D.A. Pennebaker, Documentary Film Legend, Dead at 94

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Jimi Hendrix at the Monterey Pop Festival

If he had only made Monterey Pop, or Bob Dylan’s Don’t Look Back, he would still have been one of the most important documentarians in history. But Donn Alan Pennebaker, better known by his initials D.A., also chose to capture such subjects as David Bowie (Ziggy Stardust and the Spiders from Mars), Jimi Hendrix (Jimi Plays Monterey), Depeche Mode (101) and non-music subjects ranging from Bill Clinton to John DeLorean. Pennebaker died Aug. 1 in Sag Harbor, N.Y., of natural causes, at age 94.

His survivors include his wife, Chris Hegedus, who was also involved in documentary filmmaking, often with Pennebaker. They married in 1982.

Watch the trailer from Pennebaker’s Don’t Look Back, featuring Bob Dylan

Pennebaker was the first documentarian to receive a lifetime achievement Oscar.

D.A. Pennebaker in 2007 (Photo by David_Shankbone, from Wikipedia)

Born in Evanston, Ill., on July 15, 1925, Pennebaker worked as an engineer before turning to filmmaking in the 1950s. His first film was 1953’s Daybreak Express (set to music by Duke Ellington) and he first received widespread recognition in 1960 for his work on Primary, covering the campaigns of Democratic candidates John F. Kennedy and Hubert H. Humphrey.

In 1963, Pennebaker formed a production company with fellow documentarian Richard Leacock. Together they developed the first portable 16mm synchronized camera and sound recording system.

Bob Dylan and his manager Albert Grossman in 1965, from Don’t Look Back

In 1965, Pennebaker had his first encounter with the rock music world when he filmed Bob Dylan on tour in England: Don’t Look Back is still considered a major work of the genre and led to Pennebaker also filming Dylan in 1966, parts of which Dylan used for the film Eat the Document.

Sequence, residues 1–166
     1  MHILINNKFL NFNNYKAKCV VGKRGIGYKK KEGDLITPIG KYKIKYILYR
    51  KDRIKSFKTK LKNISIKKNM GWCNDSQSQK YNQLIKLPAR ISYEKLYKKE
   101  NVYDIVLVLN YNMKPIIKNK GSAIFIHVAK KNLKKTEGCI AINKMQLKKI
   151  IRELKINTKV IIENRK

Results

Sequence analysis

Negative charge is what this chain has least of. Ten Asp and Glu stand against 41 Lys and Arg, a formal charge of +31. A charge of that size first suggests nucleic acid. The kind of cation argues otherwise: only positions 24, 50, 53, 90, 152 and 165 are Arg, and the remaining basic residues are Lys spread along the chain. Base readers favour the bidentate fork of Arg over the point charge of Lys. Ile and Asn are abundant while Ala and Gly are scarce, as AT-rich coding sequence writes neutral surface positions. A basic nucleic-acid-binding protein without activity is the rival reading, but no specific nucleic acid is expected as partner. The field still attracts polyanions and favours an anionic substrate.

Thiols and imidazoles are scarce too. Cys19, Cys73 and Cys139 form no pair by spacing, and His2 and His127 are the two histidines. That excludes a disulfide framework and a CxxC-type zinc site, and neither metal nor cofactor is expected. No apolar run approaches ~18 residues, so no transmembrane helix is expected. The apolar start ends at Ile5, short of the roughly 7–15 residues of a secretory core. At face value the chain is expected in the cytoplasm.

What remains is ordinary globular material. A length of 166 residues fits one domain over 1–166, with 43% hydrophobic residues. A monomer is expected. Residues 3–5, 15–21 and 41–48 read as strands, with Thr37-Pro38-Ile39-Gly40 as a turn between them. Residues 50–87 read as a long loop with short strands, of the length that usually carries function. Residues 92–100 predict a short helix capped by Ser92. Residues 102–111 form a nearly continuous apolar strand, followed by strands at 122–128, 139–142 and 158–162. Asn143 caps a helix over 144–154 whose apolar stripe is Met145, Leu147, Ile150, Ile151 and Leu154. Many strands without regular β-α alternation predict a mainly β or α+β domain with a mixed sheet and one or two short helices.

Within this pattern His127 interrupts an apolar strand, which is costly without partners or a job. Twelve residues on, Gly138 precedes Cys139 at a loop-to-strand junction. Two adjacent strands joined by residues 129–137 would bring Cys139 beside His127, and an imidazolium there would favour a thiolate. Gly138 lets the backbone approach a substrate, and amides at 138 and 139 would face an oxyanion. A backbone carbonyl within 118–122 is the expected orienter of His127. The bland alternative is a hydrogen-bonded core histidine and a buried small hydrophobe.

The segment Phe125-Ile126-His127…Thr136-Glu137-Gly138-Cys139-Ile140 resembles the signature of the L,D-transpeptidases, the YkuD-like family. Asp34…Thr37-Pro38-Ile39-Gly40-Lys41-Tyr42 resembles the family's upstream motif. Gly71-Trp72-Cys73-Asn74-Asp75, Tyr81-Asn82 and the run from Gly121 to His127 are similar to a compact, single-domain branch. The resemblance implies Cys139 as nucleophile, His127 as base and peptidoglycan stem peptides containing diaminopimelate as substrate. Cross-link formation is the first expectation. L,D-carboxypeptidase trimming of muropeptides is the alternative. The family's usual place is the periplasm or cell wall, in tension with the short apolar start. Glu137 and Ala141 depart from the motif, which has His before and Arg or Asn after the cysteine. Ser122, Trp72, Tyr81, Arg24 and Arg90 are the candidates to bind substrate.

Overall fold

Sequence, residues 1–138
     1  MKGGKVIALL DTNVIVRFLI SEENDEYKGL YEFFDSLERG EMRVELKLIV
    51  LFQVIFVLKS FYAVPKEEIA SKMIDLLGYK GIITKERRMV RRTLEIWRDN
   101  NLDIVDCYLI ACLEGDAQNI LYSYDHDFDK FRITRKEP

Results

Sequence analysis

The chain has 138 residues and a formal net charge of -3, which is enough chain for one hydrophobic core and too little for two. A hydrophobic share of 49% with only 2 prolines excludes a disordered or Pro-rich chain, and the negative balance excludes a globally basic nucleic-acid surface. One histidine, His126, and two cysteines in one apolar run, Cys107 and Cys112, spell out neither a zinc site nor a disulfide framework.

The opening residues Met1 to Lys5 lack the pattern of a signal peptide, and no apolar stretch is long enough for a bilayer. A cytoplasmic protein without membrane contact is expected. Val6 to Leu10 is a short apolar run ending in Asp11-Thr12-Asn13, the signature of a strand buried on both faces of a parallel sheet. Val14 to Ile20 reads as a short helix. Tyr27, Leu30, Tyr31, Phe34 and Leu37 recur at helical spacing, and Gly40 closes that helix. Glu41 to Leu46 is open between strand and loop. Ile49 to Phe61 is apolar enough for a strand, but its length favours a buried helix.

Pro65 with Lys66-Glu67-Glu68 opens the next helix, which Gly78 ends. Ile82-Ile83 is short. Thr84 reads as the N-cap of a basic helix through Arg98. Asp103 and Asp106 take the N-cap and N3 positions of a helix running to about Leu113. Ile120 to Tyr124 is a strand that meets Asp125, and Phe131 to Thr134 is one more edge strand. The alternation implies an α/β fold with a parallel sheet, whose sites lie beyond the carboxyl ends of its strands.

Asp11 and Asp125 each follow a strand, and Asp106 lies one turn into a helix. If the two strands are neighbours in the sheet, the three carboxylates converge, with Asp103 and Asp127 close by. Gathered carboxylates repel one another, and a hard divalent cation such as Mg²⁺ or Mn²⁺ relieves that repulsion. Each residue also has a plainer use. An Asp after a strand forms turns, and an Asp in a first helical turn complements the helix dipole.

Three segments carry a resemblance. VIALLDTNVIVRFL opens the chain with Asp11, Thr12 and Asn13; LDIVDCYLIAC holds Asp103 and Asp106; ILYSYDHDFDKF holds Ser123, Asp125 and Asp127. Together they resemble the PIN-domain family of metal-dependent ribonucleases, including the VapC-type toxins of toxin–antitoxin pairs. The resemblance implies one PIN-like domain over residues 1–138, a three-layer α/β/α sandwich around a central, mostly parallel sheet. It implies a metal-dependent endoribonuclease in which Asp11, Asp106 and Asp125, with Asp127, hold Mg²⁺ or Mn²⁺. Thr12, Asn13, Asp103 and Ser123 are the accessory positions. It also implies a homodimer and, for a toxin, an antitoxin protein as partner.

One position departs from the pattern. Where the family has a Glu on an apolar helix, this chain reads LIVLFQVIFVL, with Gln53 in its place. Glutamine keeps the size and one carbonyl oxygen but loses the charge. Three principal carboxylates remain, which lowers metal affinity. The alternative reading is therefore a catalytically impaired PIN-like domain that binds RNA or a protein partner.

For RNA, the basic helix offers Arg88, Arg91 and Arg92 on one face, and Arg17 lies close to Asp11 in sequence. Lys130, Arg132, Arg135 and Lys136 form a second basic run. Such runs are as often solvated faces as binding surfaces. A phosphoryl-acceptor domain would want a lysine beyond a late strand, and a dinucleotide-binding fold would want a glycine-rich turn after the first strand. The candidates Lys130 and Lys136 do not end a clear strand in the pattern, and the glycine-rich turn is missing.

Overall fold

In June 1967, Pennebaker was hired to document California’s Monterey Pop Festival, where he captured career-boosting performances by Hendrix, Janis Joplin, the Who, Otis Redding, Ravi Shankar and others. Footage from that festival was also used decades later for Jimi Plays Monterey and Shake! Otis at Monterey.

Watch Bowie in the Ziggy Stardust film made by Pennebaker

Pennebaker participated in John Lennon and Yoko Ono’s 1971 film Up Your Legs Forever and, beside the Bowie “farewell tour” in 1973, he also filmed rock pioneers Jerry Lee Lewis, Little Richard and Chuck Berry in various settings. Later in his career, in addition to the Depeche Mode documentary, Pennebaker returned to politics to make The War Room, documenting Bill Clinton’s 1992 presidential run. The film was nominated for the Best Documentary Oscar.

Related: Janis at Monterey

Pennebaker was also involved with films covering everyone from Al Franken to automobile icon John DeLorean, actress/singer Elaine Stritch, an Internet startup and pastry chefs. Another film, Company: Original Cast Album, documented the recording session for Stephen Sondheim’s Tony-winning Broadway musical Company.

Watch Otis Redding’s “Try a Little Tenderness” from Monterey Pop

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Jeff Tamarkin

Best Classic Bands Editor Jeff Tamarkin has been a prolific music journalist for more than four decades. He is formerly the editor of Goldmine, CMJ andRelix magazines, has written for dozens of other publications and has authored liner notes for more than 80 CDs. Jeff has also served on the Nominating Committee of the Rock and Roll Hall of Fame and as a consultant to the Grammys. His first book was 'Got a Revolution! The Turbulent Flight of Jefferson Airplane.' He is also the co-author of 'Shell Shocked: My Life with the Turtles, Flo and Eddie, and Frank Zappa, etc.,' with Howard Kaylan.
Jeff Tamarkin
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  1. Scott
    #1 Scott 5 August, 2019, 20:14

    It’s because of his vision we have on record some great performances….and insight into the lives and times of so many.
    That there aren’t any comments doesn’t surprise me. Sad but true.

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